But it’s going to be alright – probably – IF we adapt, as we are so good at doing. We already have all the solutions we need to make significant change.

We need to stop thinking of Jewish environmentalism as a separate category and focus on creating a healthier world for all – because, in the process, we’re going to strengthen Jewish communities and identity.

The Jewish imperative for environmentalism isn’t marginal – it’s our most core, mainstream and familiar values and traditions.

Shabbat– is an ecological treasure! A day to rest from shopping, manufacturing, driving!

Kashrut (keeping Kosher)- the idea that what we eat matters, that it’s upon us to minimize suffering of animals! We need to update this to take responsibility for the full impacts of what we eat, the stuff we buy, and what we put into landfills. We vote with our dollars and with our forks for the full story of our food and our stuff.

Brachot (the blessings over our food)– invite mindfulness of where our food comes from. To bless food we have to figure out whether it grew from the ground or a tree; from there it’s a short step to thinking of how it was raised, whether the people involved in getting it to us were paid a fair wage, whether its story helped or hurt our environment.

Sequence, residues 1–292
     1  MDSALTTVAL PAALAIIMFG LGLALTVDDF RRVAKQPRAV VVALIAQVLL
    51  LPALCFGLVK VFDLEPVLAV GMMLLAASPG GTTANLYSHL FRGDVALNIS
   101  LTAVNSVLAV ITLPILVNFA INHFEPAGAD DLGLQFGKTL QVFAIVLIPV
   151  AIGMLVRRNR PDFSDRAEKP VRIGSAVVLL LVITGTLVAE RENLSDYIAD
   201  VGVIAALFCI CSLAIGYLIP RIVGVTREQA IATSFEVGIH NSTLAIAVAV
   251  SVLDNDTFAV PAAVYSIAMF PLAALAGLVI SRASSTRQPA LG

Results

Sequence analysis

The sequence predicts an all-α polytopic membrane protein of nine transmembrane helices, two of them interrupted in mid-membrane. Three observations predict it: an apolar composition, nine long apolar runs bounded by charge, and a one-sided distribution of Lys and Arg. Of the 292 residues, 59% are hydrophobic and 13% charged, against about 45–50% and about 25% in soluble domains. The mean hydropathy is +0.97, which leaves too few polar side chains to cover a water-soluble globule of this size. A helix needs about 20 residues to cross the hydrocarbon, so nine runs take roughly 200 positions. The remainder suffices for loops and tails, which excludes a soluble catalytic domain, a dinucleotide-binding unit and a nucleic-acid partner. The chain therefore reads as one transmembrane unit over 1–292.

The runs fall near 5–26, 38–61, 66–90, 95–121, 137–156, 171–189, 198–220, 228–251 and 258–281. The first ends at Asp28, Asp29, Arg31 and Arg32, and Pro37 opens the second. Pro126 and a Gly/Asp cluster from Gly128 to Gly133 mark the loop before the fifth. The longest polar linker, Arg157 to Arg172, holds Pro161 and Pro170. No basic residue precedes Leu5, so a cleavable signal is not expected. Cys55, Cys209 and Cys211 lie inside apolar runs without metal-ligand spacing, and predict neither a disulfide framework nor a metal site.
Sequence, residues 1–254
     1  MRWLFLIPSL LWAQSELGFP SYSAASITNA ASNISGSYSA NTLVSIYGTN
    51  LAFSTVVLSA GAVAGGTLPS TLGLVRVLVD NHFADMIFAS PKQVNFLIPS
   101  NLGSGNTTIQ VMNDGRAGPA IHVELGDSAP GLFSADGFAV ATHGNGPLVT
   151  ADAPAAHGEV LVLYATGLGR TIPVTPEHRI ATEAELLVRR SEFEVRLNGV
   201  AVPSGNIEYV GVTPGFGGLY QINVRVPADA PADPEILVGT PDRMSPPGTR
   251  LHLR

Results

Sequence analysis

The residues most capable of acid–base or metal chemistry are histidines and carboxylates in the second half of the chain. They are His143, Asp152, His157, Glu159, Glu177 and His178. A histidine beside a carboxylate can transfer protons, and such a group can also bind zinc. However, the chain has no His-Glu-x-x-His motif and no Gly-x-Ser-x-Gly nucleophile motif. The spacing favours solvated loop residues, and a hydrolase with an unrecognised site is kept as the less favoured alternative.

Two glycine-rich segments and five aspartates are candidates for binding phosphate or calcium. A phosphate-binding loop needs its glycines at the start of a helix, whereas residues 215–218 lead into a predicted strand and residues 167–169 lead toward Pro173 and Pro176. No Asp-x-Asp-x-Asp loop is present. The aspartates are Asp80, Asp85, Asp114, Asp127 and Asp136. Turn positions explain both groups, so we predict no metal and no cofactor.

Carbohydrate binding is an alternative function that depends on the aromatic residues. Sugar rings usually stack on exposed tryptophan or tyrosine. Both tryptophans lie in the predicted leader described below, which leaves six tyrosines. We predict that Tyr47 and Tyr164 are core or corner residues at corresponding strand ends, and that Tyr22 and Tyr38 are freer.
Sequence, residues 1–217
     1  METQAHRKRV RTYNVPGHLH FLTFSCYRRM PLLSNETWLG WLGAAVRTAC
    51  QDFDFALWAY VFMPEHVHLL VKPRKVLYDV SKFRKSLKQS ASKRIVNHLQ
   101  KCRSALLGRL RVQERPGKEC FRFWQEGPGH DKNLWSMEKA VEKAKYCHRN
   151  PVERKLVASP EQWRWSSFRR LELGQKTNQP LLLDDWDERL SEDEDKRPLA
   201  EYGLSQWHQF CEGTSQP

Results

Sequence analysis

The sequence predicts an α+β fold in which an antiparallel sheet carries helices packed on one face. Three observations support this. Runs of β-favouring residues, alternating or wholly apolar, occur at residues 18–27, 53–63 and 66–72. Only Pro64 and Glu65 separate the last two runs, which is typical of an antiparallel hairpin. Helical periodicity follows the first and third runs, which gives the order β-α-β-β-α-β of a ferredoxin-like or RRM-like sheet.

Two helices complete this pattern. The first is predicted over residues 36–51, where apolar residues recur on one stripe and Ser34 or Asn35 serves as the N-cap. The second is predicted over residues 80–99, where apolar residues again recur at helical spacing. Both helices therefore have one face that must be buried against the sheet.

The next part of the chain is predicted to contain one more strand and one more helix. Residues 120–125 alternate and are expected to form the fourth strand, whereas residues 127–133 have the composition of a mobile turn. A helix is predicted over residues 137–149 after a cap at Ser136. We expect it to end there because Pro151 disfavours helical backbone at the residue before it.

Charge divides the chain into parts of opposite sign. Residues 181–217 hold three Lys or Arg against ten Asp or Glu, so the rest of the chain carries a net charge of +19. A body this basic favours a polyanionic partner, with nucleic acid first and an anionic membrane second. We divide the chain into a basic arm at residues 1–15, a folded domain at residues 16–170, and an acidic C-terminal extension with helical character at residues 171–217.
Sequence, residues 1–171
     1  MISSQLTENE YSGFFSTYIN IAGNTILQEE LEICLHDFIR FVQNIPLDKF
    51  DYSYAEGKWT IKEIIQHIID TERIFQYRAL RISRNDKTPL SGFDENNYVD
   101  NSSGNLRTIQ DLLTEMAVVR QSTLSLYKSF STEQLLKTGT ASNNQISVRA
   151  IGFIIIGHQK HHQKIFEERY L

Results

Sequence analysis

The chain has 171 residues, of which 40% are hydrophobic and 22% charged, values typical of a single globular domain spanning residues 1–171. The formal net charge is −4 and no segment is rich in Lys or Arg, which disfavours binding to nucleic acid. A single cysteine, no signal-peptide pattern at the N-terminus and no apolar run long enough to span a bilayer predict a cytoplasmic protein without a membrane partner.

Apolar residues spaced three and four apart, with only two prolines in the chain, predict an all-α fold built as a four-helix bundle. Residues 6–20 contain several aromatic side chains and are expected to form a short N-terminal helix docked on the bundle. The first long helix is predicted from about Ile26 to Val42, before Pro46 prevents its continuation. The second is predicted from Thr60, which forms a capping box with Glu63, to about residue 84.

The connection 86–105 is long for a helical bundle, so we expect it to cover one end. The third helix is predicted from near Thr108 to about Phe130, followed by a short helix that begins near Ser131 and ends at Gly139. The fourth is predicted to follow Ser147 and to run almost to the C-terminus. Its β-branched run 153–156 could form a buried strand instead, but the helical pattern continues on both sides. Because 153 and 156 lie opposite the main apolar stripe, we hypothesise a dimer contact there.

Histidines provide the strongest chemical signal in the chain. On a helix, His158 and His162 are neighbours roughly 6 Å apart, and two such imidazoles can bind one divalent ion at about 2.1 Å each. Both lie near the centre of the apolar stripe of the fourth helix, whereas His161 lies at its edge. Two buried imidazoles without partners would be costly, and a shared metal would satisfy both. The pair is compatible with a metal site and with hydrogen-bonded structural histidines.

— Keep reading for a list of Jewish environmental organizations —

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Israeli Environment: New Mall Seeks to Green the Negev

July 7, 2009

New B"S Mall [Image: YNetNews]

“The Future of Israel lies in the Negev.”
~ David Ben-Gurion, first prime minister of Israel

If you aren’t intimately familiar with Israel, you may not realize that the country is divided into two cultural and geographical spheres: the Center and the Periphery.

The Center, composed of Tel Aviv, Jerusalem, and their environs, are densely populated hubs of activity. The Periphery: the Galilee, Golan Heights, and Negev Desert, are more agricultural areas outside of the Center’s reach. This segmentation is critical to understanding the Israeli mindset when it comes to how we perceive each other.

Today YNet News broke the story that Be’er Sheva is set to become home to Israel’s largest mall. With a projected budget of 700 million NIS (approx. $180.5 million) and a three-year timeframe, the mall aims to be not only a commercial center, but a nexus of social activity. Upon its completion, the mall will house clubs for youths, seniors, soldiers, and feature a children’s play area.

Additionally, the new center will be the first green mall in Israel with the following environmental considerations:

  • Solar paneling on the roof for energy conversion
  • Pools for collecting rain water and condensation from air conditioning to be reused for irrigation
  • Green park to be built near mall with connecting bicycle paths around the mall’s periphery